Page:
Grateful pensioners Bill and Maureen Munnoch had been stuck in their Falkirk home for three days with no fresh food supplies when help unexpectedly arrived.
Ex army man Bill (77), had gamely tried to clear some of the deep snow himself, but when a neighbour dropped by to say she’d seen him struggling he had to agree she was right.
That neighbour was Cecil Meiklejohn, Leader of Falkirk Council, who had the Munnoch’s access to the main road cleared in what seemed like no time.
“I’ve heard of some councillors who go the extra mile,” said Bill, “but to pick up a shovel yourself and get on with it is in a different league”.
He had been grimly contemplating the thought of a cup of tea with Carnation milk when Ms Meiklejohn brought some welcome respite.
“She really went at it”, said Bill. “She must have been digging away for about three quarters of an hour, and her efforts made a huge difference”.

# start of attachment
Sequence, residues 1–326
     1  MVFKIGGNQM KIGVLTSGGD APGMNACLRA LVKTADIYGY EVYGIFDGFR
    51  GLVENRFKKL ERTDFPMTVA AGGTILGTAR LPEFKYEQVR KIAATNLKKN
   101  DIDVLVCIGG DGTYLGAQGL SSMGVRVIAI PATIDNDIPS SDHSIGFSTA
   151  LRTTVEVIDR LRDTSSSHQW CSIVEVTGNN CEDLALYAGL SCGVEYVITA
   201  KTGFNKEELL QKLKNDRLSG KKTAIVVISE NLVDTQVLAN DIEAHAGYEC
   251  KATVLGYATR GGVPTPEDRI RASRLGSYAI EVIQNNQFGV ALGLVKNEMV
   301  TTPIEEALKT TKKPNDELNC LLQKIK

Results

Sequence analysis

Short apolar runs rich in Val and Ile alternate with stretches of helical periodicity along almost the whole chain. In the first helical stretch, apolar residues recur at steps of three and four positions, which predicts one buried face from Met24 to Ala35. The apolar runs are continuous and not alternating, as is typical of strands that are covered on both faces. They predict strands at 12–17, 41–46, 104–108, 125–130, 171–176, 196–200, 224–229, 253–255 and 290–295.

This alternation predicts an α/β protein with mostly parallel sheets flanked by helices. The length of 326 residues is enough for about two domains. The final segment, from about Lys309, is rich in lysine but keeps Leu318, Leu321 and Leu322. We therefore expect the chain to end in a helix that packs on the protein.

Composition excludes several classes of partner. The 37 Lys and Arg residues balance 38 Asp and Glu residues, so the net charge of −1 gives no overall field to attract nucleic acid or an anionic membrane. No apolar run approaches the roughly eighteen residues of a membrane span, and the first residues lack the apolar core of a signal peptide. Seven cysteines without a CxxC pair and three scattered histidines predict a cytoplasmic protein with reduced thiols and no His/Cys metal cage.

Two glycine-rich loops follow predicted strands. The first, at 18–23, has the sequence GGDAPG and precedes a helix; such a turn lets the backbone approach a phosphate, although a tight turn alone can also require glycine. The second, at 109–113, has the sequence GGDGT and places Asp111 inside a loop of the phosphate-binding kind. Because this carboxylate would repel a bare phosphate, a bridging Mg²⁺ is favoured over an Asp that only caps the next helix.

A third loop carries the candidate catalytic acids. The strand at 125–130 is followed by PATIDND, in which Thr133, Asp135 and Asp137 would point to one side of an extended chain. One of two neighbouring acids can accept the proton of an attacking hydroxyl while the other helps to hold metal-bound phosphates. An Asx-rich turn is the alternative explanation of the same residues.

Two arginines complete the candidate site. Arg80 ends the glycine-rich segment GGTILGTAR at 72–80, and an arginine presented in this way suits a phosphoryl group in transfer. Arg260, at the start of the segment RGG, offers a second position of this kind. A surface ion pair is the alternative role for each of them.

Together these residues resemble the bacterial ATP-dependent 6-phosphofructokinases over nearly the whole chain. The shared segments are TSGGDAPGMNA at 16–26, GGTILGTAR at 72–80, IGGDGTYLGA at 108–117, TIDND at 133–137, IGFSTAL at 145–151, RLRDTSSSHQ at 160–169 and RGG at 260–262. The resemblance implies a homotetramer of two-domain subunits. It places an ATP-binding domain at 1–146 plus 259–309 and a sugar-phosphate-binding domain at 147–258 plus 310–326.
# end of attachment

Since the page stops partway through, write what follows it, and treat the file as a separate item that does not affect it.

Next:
He added: “Although she is a neighbour she is a very busy woman and not someone we’d have expected to call round for something like this - we’re very grateful for her help”.
He wants to nominate her for a My Hero award, as a shining example of how younger, fitter people can help their older neighbours.
Mrs Munnoch also did her best to clear some of the snow, while Ms Meiklejohn tried to get some of the snow off the couple’s car.
Like many local pensioners the Munnochs are faced with a difficult, snow-bound trek to local shops - and really rely on ouside help.
Standard NHS advice is for elderly people to stay indoors during extreme weather, as a fall can spell serious injury - and at a time when transport and hospital services are under severe pressure.
The Munnochs say Ms Meiklejohn’s help is a great example of somebody pitching in to help without being asked - and was a big morale booster after days of “snow siege”.